Commissioners heard a presentation Monday about what the county is doing to comply with the new federal health care law.
Dr. Brent Myers, who runs Wake County’s EMS, set the stage like this:
“I have lived my life between the ACLU side of things and the Jessie Helms side and that’s where I feel like I am with this group,” he said. “Today, we’re going to try to stick to just the facts.”
Myers was referencing his parents’ opposing political beliefs, but his audience Monday was made up of three Democrats and four Republicans who have fought fiercely on hot-button issues that include gay marriage, school funding and environmental sustainability.
Political uncertainty was the theme of the presentation. Wake County has implemented the smaller steps of the ACA as they have been written into law books, but some of the major changes are still ahead and subject to desires of the next president and U.S. Congress.
Wake’s county government is tied to the ACA in two major ways: first, by the health benefits it provides to its more than 3,000 employees; second, by the various public health services it directly provides.
Myers said, barring major swings in the interpretation of the plan, that there shouldn’t be any fundamental change in the burden to the taxpayer when it comes to direct health care services provided by the county.
EMS, for instance, would only see a 2- to 4-percent swing in either direction on its current bottom line, he said, depending on how implementation shakes out.
Employee health insurance is where things get complicated.
If the county’s insurance turns out to be less efficient than a plan a county employee might find on the market place, the county will face a $3,000 fine per employee, per year.
It’s this group of people that county politicians will need to make decisions about moving forward.
It may turn out that the county could pay the fine, pay towards an employees’ private health insurance and both the county and employee would come out better financially.
People who meet a certain poverty level requirement — the exact amount hasn’t been hammered out yet, and won’t be until after this fall’s election — will be eligible to have their insurance partially subsidized by the federal government.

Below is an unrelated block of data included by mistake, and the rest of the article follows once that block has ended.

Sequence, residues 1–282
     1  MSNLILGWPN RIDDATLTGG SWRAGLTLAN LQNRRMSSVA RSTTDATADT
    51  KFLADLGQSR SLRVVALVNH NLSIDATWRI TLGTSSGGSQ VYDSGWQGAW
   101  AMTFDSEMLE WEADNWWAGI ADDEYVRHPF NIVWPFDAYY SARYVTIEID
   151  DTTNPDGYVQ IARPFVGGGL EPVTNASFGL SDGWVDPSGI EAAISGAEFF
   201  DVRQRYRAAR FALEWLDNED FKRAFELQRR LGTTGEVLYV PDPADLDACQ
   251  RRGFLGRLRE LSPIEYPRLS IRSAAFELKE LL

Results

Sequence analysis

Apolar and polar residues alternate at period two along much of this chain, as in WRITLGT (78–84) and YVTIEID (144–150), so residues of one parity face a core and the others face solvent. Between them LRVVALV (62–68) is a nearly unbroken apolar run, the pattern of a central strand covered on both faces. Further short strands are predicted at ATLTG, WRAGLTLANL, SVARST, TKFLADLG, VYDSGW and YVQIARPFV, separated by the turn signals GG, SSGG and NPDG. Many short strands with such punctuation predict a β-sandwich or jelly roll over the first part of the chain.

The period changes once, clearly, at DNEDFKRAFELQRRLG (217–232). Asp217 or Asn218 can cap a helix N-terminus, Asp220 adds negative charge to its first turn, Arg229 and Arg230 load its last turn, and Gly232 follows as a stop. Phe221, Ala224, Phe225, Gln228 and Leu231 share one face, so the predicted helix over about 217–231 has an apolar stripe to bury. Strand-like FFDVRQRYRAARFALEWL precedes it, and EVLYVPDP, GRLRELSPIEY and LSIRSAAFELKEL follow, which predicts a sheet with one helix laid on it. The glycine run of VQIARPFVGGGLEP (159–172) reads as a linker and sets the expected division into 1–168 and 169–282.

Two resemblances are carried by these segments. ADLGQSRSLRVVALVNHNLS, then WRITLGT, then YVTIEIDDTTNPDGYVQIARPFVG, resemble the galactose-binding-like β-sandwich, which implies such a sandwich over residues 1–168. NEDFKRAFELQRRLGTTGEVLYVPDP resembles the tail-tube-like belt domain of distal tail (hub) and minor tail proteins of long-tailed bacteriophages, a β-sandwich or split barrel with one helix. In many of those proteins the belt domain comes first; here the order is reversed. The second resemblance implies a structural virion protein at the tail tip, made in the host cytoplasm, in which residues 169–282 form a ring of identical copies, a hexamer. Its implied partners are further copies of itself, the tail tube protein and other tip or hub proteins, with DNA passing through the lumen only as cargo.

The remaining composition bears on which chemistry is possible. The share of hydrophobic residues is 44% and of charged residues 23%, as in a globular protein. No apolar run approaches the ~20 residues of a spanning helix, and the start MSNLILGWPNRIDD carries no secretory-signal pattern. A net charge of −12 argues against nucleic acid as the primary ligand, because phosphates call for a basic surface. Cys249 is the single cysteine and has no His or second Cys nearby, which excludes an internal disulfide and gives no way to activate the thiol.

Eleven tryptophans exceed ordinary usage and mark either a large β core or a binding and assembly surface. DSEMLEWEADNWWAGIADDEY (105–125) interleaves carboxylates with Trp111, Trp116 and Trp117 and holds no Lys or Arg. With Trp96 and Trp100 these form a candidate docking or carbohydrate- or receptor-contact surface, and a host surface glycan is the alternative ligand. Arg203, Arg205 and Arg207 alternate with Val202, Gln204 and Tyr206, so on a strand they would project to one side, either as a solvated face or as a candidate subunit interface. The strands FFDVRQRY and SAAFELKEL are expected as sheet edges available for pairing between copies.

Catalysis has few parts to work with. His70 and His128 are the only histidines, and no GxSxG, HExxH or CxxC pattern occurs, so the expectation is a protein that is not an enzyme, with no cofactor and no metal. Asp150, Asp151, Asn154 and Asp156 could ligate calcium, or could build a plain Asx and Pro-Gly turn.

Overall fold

But only people buying on the private market are eligible for the subsidy, not those who receive health insurance from their employer.
“If they can take that government subsidy and go out on to the market place and buy a plan cheaper than we are charging,” Myers said, “there comes that notion of paying the $3,000 fine because the person is not getting the best benefit.”
Essentially, the county and the individual might benefit most, in a limited number of cases, by the county taking the $3,000 and paying towards an individual’s private plan.
“What we don’t want is to pay a fine and not provide the employee the best bang for their buck,” Myers said. “The only reason to pay the fine would be if that could work out cheaper overall.”
What Do the Commissioners Say?
Chair Paul Coble was blunt in an interview after the board’s work session. When asked what the ACA will mean for the county he simply said, “More money.”
When asked for specifics, he continued, “We’ve already seen it in the shared cost of contraception to now covering the full cost of contraception.”
The county, like all those who provide health insurance, will now have to cover the full cost of generic birth control, where before the county only covered part of the cost.
But the increase in cost to the county is just $30,000 overall, according to another county official.
Myers said it was a non-issue, considering the county spends $30.5 million on health coverage for its employees.
Coble also mentioned the cost to EMS. But during his presentation, Myers’ said, that the county could save money on EMS, depending on how legislation moves forward. Having to shell out extra, he said, is not a given.
“So long as there’s not a major change, we shouldn’t have to change our burden to the citizen,” Myers said. “Most likely … we end up with a wash or million to the positive.”
Democratic Commissioner Erv Portman also expressed a positive outlook.
“It doesn’t look as though it’s going to have any significant adverse effects to the county that I can see so far,” he said.
Still, Coble isn't so sure.
“There’s no question in my mind, there will be additional costs,” he said. “There’s always additional costs.”